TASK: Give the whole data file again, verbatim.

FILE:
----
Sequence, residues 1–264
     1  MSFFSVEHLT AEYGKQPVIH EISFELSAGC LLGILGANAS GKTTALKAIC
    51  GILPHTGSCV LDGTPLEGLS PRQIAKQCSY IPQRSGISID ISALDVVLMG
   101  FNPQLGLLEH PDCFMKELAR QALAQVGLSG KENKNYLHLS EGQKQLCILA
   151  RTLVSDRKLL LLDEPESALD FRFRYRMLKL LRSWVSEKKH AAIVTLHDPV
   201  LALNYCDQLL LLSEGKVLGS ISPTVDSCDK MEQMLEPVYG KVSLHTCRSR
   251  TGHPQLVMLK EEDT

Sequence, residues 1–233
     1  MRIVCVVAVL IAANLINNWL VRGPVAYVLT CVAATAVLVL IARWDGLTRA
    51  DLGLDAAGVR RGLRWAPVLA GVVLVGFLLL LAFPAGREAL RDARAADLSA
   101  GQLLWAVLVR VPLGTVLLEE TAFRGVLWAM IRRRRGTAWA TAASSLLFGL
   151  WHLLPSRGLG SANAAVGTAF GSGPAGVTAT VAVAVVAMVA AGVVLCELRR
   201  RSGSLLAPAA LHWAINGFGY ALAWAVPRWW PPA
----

Sequence, residues 1–264
     1  MSFFSVEHLT AEYGKQPVIH EISFELSAGC LLGILGANAS GKTTALKAIC
    51  GILPHTGSCV LDGTPLEGLS PRQIAKQCSY IPQRSGISID ISALDVVLMG
   101  FNPQLGLLEH PDCFMKELAR QALAQVGLSG KENKNYLHLS EGQKQLCILA
   151  RTLVSDRKLL LLDEPESALD FRFRYRMLKL LRSWVSEKKH AAIVTLHDPV
   201  LALNYCDQLL LLSEGKVLGS ISPTVDSCDK MEQMLEPVYG KVSLHTCRSR
   251  TGHPQLVMLK EEDT

Sequence, residues 1–233
     1  MRIVCVVAVL IAANLINNWL VRGPVAYVLT CVAATAVLVL IARWDGLTRA
    51  DLGLDAAGVR RGLRWAPVLA GVVLVGFLLL LAFPAGREAL RDARAADLSA
   101  GQLLWAVLVR VPLGTVLLEE TAFRGVLWAM IRRRRGTAWA TAASSLLFGL
   151  WHLLPSRGLG SANAAVGTAF GSGPAGVTAT VAVAVVAMVA AGVVLCELRR
   201  RSGSLLAPAA LHWAINGFGY ALAWAVPRWW PPA